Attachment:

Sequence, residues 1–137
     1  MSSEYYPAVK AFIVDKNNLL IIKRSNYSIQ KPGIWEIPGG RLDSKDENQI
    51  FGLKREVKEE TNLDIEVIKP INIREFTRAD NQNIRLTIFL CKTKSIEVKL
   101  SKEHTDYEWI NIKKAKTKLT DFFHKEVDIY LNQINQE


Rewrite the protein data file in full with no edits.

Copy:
Sequence, residues 1–137
     1  MSSEYYPAVK AFIVDKNNLL IIKRSNYSIQ KPGIWEIPGG RLDSKDENQI
    51  FGLKREVKEE TNLDIEVIKP INIREFTRAD NQNIRLTIFL CKTKSIEVKL
   101  SKEHTDYEWI NIKKAKTKLT DFFHKEVDIY LNQINQE